Here’s another view.

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I’ll be darned. Look at all those wildflowers.If there were a wildflower that put fear into Canada Geese it might almost be perfect.

Steve picked a bouquet of wildflowers and a number of them came from our little slice of natural.

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So, it looks like Queen Anne’s Lace. I’m no gardener, but I don’t think it it is. I think it’s actually Water Hemlock, with its plant clusters squashed some to fit into the vase. Water Hemlock is a perennial native plant. Common in wet pastures and along roads and ditches. It’s a member of the carrot family and has a long taproot that smells like a carrot and tastes like a carrot. Except, if this really is Water Hemlock, don’t be tempted. It’s described by Stan Tekiela in his book on Michigan wildflowers as “by far the most poisonous plant in Michigan.” Something quite like this did in Socrates and you don’t want to go that route. A more benign identification is that it might be Water a/k/a Cow Parsnip. Nah. I like the Water Hemlock ID better.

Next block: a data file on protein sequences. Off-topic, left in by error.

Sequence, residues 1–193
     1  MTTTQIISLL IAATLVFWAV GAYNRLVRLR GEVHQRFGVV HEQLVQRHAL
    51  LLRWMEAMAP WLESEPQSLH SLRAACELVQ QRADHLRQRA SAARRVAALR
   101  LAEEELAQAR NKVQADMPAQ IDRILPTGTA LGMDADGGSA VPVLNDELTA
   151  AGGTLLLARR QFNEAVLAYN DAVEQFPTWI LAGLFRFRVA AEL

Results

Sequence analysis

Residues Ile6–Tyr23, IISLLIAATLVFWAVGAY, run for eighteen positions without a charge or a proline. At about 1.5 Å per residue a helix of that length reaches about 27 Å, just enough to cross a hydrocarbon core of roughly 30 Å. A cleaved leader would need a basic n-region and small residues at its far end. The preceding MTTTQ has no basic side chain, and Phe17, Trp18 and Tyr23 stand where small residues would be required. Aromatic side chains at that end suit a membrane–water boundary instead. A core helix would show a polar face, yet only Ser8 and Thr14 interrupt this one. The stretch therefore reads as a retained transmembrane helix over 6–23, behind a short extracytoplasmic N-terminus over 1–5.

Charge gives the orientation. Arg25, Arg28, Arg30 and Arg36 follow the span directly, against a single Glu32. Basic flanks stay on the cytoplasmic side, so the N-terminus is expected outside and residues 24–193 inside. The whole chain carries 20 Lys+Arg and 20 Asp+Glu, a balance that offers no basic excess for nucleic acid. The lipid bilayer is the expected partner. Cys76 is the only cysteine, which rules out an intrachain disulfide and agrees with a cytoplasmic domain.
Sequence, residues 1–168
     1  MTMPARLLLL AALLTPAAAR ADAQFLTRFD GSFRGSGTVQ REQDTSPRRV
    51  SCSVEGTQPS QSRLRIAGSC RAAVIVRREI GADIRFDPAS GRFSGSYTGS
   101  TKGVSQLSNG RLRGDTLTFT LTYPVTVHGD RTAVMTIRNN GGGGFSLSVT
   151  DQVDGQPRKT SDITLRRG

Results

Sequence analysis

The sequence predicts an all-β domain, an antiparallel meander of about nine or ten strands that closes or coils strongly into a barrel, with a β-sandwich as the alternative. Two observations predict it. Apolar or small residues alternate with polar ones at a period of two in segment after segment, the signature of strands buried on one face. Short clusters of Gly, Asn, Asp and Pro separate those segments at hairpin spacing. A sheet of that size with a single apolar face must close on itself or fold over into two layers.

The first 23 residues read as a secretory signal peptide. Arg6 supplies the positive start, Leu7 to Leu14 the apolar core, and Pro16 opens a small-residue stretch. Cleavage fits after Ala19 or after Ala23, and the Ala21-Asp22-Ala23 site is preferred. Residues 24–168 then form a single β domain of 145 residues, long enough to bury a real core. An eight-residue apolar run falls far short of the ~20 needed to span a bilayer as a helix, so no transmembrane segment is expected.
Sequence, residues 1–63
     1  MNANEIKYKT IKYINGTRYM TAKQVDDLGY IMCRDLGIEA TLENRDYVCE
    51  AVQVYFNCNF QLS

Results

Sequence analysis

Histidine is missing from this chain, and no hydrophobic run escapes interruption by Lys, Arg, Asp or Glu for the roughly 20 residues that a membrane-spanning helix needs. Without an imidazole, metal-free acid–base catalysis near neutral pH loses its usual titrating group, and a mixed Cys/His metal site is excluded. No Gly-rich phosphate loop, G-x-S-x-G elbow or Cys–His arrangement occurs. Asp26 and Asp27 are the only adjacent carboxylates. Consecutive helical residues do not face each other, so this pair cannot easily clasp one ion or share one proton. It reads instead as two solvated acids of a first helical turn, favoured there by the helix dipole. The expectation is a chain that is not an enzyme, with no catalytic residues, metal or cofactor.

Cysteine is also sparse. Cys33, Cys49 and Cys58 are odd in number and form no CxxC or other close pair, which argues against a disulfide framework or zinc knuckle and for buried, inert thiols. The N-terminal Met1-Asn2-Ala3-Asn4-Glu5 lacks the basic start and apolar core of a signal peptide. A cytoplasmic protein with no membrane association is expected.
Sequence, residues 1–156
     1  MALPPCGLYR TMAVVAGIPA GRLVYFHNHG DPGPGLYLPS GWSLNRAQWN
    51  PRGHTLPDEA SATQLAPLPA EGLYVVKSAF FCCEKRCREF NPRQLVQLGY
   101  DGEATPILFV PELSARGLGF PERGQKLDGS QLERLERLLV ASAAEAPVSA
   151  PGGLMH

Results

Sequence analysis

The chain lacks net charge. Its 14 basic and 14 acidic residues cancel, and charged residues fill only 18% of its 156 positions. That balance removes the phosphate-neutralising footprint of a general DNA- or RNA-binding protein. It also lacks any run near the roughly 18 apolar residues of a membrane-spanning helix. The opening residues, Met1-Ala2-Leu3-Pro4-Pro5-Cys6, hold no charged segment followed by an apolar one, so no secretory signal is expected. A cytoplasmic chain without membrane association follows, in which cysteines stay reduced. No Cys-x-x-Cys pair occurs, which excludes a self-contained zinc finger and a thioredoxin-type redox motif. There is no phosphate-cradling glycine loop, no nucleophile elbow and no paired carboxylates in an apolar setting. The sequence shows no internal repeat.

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This big yellow guy, with some of its glory faded, is a Black-Eyed Susan. I think. Some call her Brown-eyed Susan, which would be more appropriate. Susan is in the Aster family. Nobody seems to know who Susan was. Or why this sunny plant bears her name.